Healing Harmoniously through a Community-Based Ecosystem on Cape Breton Island, Nova Scotia
Van Iderstine, Fraser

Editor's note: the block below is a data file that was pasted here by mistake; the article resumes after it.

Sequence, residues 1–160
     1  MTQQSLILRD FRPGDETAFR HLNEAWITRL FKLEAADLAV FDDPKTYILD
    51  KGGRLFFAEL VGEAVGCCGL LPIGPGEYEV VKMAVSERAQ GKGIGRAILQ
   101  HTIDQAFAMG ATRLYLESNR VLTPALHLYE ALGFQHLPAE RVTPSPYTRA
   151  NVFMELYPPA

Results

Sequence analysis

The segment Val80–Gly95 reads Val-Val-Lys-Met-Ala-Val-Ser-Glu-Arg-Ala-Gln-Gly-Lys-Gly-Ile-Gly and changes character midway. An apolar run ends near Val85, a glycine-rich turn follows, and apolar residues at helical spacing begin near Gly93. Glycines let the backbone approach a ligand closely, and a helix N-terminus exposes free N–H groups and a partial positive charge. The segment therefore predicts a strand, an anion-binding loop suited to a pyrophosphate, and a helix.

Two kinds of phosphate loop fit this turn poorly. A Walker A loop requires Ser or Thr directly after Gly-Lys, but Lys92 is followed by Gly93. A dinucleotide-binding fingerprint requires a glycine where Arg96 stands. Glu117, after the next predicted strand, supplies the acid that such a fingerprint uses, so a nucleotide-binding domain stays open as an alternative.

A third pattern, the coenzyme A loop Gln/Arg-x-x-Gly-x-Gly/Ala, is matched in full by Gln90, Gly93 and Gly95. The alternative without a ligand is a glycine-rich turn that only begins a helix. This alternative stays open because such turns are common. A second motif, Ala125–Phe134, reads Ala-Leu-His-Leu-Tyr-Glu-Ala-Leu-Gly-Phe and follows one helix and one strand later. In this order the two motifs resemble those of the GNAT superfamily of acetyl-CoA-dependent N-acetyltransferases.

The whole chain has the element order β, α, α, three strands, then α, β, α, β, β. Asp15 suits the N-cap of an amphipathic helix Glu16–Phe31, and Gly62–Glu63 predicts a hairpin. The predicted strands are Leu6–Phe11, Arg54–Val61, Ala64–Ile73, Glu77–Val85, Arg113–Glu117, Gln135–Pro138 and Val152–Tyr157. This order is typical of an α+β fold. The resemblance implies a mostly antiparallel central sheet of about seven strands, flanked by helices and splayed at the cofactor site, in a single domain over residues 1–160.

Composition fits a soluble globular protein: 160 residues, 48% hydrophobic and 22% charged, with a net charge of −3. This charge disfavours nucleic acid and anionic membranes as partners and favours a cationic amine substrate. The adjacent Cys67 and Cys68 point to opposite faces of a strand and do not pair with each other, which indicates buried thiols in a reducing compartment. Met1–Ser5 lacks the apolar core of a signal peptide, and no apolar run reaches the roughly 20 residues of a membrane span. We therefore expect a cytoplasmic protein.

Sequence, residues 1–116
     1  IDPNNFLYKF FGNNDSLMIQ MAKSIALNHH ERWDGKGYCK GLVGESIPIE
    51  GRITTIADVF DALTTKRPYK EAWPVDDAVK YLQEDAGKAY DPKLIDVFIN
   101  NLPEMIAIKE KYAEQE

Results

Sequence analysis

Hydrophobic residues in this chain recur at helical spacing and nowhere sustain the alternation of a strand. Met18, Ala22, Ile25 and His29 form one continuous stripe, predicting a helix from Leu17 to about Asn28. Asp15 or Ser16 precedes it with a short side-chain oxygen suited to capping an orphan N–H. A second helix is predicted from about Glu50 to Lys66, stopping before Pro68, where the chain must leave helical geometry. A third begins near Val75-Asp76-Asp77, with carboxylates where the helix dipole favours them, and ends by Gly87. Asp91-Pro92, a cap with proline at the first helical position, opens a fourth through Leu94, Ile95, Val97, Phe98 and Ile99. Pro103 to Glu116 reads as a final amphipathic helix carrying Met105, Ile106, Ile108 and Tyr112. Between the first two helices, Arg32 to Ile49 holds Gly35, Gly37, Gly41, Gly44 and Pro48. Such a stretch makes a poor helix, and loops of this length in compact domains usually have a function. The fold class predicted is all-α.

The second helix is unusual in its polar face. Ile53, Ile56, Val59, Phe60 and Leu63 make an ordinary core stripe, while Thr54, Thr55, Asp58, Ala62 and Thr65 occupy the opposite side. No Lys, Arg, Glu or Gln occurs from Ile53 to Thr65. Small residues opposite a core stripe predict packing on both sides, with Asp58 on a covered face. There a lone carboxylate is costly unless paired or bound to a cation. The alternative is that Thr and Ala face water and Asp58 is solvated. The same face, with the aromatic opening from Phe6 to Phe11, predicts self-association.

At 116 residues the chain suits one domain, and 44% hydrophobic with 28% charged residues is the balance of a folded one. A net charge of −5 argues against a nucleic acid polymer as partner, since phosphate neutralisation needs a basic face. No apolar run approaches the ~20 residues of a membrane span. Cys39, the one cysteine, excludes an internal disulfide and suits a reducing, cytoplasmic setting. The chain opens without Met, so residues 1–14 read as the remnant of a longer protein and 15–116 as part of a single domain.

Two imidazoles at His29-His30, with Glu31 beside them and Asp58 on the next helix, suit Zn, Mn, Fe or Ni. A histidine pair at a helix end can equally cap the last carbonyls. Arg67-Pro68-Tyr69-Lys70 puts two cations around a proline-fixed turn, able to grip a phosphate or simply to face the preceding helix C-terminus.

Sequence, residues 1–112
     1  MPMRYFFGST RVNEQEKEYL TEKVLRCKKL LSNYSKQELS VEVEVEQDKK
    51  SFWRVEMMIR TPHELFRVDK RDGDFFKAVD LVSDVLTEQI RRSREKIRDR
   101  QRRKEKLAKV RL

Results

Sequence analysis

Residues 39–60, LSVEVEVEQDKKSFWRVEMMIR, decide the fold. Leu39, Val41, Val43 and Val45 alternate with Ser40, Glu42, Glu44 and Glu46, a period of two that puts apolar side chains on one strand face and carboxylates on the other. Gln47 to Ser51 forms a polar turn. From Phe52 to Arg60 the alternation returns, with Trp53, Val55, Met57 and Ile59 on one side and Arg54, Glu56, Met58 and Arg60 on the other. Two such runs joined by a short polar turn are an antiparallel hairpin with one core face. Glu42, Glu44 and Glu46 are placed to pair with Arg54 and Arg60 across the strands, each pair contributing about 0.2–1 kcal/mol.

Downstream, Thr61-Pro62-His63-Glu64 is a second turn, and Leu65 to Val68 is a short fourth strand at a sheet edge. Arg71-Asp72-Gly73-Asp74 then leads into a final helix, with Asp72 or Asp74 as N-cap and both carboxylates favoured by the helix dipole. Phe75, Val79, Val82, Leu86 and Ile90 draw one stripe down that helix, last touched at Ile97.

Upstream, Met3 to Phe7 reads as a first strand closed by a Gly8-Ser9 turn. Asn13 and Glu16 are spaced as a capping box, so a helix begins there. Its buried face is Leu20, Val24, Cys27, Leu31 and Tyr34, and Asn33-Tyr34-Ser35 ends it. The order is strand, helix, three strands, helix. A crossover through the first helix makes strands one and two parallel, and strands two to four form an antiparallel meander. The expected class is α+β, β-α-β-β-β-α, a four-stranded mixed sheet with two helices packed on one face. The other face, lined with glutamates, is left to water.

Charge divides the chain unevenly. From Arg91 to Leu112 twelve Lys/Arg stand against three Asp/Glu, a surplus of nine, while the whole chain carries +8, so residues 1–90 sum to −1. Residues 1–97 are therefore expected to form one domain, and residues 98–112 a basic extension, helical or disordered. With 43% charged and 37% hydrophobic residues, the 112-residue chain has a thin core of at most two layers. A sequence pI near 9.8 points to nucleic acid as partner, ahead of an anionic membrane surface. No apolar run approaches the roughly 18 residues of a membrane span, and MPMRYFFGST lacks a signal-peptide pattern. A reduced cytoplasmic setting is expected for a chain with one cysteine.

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In Western and industrialized societies, cities, buildings, and industries are often more valued than the natural world. This is an unfortunate legacy of anthropocentrism. The industrial era has only exacerbated the human-nature divide, separating the human from natural rhythms by accelerating the speed and intensity of living through the use of fossil fuels, while subjecting to stress and anxiety from urbanization. Today, people look to the wilderness for inner peace that is difficult to find in a city. This project proposes a Wellness Center on Cape Breton Island designed as a community where humans, animals, and nature may coexist in harmonious relation. Using the concepts of Shared Stewardship, Two-Eyed Seeing, and Biophilic Design, this thesis looks to heal the human-nature divide through design as an ecosystem comprised of human, animal and plant communities. The program’s core elements are to learn, grow, teach, and heal in harmony with our natural surroundings.